I stand by my statement above. Those in power knew but did not care about the secondary consequences of using the atomic bomb. Not that the US was alone in this disregard.

Those in power did not know.

I say that because I can say with absolute certainty because the scientists in question did not know.

And lest I have to belabour the point (hi, G!) that is a bad thing. And yet it is the truth.

The assumption was that an air burst (as in Hiroshima and Nagasaki) would scatter the radiation byproducts; theory at the time was that said byproducts would last for several days only. That's not true, but not a person alive on Earth in 1945 understood the physics of it. I assure you.

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07-02-2014, 08:53 PM
RE: Historical Justification for the Nuking of Japan
cjlr, please check out my edited post. I will accept that what the necessary amount of exposure to nucleons could be damaging was not clearly understood. I remain convinced from personal experience that many in power did not care.

Shall we agree that allowing this discussion to drift to far from the strategic question is not beneficial. This comment is certainly not an attempt to avoid your comments.

Perhaps I should start a thread on safety in the workplace including in nuclear laboratories. That aught to bore everyone to shit.
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07-02-2014, 08:59 PM
RE: Historical Justification for the Nuking of Japan
(07-02-2014 07:20 PM)cjlr Wrote:  
(07-02-2014 11:42 AM)Chas Wrote:  And I do not.

The atrocities committed by the Japanese have no moral, ethical, or humanitarian justification. There is an ethical argument for using the atomic bomb, as you yourself pointed out.

What I meant to say by that is that as bad as A might be it's still clear that B would be worse.

Given a choice between bad and worse I'll take bad any day. That doesn't make it less bad. But it sure as hell makes it [i]less worse[/li].

The Japanese killed at least 5.4 million civilians, with some estimates as high as 20 million. That is way more bad.

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07-02-2014, 09:06 PM
RE: Historical Justification for the Nuking of Japan
(07-02-2014 08:53 PM)JAH Wrote:  cjlr, please check out my edited post. I will accept that what the necessary amount of exposure to nucleons could be damaging was not clearly understood. I remain convinced from personal experience that many in power did not care.

Shall we agree that allowing this discussion to drift to far from the strategic question is not beneficial. This comment is certainly not an attempt to avoid your comments.

Perhaps I should start a thread on safety in the workplace including in nuclear laboratories. That aught to bore everyone to shit.

Yes, I certainly agree with your edit. That (apparent) carelessness was the order of the day is regrettable, and the consequence was suffering for a great many people.

Should it come to it I have immediate personal anecdata from older colleagues who worked in Deep River in its heyday. Safety as we would recognize and demand it did not exist.

This cannot be blamed on malice; it rests on ignorance.

To re-align discussion: my position is based on several premises.

The foundational premise is of utilitarianism - this, I think, is where PoolBoyG breaks off. Insofar as I think a wrong act can be the lesser of available evils for all concerned, its innate moral repugnancy notwithstanding - condemnation of wars may prevent them if held universally but certainly does not end them if espoused only unilaterally.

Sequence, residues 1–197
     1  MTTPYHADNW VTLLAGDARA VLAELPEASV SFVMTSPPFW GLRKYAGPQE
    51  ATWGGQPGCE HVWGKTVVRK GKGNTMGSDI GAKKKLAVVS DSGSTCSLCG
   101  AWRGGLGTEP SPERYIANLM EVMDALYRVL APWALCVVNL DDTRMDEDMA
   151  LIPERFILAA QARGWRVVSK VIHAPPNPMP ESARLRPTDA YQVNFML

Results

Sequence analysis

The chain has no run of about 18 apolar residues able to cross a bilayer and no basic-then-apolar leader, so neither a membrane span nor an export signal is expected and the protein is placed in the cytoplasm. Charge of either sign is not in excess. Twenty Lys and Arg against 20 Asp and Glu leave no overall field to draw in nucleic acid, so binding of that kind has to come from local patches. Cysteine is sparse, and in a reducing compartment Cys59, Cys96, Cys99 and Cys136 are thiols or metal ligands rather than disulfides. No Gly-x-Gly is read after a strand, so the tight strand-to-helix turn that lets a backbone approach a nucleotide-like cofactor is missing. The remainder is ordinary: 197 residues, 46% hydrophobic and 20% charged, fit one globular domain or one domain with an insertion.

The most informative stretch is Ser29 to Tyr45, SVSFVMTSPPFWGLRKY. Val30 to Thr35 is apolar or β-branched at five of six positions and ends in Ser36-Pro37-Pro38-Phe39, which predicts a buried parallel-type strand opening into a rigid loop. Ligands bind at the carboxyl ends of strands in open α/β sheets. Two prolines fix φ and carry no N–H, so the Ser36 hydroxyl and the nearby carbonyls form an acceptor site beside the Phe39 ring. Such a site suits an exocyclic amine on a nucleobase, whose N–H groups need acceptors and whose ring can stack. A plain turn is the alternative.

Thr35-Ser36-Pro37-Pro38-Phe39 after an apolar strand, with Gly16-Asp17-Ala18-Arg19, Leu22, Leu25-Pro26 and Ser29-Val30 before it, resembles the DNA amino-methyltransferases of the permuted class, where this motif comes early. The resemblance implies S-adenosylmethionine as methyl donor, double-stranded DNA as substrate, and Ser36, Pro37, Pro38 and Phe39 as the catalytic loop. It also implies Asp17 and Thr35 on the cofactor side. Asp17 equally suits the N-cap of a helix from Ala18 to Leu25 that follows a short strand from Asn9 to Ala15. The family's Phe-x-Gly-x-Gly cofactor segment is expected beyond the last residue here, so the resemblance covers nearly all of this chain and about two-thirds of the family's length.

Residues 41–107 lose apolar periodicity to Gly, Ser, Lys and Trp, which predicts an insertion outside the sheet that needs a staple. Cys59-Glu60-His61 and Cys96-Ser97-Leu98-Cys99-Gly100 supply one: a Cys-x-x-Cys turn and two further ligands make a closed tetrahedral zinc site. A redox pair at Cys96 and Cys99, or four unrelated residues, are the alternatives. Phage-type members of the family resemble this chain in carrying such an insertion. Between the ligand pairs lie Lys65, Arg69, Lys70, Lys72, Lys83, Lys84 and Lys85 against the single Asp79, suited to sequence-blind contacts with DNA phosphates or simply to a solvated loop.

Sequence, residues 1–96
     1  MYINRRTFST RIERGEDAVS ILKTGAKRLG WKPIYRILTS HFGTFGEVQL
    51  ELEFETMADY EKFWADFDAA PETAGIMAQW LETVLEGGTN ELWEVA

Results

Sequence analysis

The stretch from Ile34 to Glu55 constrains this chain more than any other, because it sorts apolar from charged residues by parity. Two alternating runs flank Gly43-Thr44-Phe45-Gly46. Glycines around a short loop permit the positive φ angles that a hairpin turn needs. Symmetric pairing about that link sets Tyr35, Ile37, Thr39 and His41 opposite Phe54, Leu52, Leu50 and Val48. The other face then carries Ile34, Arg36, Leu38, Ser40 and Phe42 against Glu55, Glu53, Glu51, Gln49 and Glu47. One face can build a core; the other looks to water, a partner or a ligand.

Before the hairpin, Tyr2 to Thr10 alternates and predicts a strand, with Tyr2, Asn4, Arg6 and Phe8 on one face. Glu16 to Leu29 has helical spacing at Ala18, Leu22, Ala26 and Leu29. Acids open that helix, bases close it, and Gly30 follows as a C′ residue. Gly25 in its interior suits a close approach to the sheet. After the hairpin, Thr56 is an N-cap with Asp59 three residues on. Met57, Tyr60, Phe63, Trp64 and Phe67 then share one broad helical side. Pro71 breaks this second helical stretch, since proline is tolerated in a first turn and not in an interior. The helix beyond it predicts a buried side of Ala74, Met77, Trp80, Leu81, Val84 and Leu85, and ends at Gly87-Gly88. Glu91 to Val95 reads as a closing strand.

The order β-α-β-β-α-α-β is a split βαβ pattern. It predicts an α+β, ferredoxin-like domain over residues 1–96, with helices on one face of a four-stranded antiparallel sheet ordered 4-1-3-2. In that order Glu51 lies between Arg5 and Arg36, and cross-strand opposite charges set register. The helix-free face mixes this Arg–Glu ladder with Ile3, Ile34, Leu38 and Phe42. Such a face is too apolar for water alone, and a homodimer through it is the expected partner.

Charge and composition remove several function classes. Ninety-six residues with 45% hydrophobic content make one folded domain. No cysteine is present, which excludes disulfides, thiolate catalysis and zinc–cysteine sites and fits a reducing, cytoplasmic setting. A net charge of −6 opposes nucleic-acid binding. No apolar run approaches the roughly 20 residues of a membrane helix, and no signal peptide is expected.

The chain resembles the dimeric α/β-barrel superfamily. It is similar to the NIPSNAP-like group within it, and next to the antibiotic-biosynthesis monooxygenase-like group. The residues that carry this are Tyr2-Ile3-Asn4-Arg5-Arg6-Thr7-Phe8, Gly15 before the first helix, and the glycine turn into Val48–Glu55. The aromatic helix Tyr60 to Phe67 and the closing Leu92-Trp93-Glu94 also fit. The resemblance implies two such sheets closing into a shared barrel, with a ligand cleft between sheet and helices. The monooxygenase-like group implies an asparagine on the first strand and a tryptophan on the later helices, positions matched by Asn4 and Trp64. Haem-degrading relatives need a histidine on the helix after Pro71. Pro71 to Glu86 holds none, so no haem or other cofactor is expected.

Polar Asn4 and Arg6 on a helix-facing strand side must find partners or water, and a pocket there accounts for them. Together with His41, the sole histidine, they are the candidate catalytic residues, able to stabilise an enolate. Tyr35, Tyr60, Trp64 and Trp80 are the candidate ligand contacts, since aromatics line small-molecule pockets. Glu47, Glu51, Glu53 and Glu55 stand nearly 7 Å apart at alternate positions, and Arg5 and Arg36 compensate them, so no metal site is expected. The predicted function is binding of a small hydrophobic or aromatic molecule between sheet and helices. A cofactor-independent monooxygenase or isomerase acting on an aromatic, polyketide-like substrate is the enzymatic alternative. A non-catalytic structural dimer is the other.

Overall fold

So,
A: the sooner the surrender of Japan occurred, the greater the demonstrable benefit to not only the people of Japan but all those remaining under Japanese occupation
B: the use of the atomic bombs in close succession and in concert with the Soviet Manchurian Strategic Offensive significantly hastened the final surrender of Japan
A+B -> the use of the atomic bombs was therefore the least worst option open to the Supreme Allied Command in August 1945.
Also (subordinately) C: the full consequences of the use of nuclear weapons (re: radioactive contamination and besides the nature of the weapons themselves as a difference in kind rather than scale) were not seen as we see them today.

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07-02-2014, 09:12 PM
RE: Historical Justification for the Nuking of Japan
(07-02-2014 08:59 PM)Chas Wrote:  
(07-02-2014 07:20 PM)cjlr Wrote:  What I meant to say by that is that as bad as A might be it's still clear that B would be worse.

Given a choice between bad and worse I'll take bad any day. That doesn't make it less bad. But it sure as hell makes it [i]less worse[/li].

The Japanese killed at least 5.4 million civilians, with some estimates as high as 20 million. That is way more bad.

Indeed. From the research I've done 20 million is more like the median number, should one include the human misery attributable to deprivation and disruption resulting from the occupation(s).

For all the shit the Allies did (never mind the Soviets) I'm still of the opinion that World War II was among the least morally ambiguous conflicts in human history.

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07-02-2014, 09:27 PM
RE: Historical Justification for the Nuking of Japan
cjlr, I will again state that you have made your point well about the strategic necessity of the atomic bombs. If again, I do not necessarily agree. We should leave the bit about who knew what and when about the long term effects of their use to another debate. Perhaps around the use of nuclear power considering recent events in Japan.

Chas, by logical (extreme) extension we should have dropped all available bombs, including atomic, on Japan to teach them a lesson. Killing their civilians being justified because of all the civilians they had killed.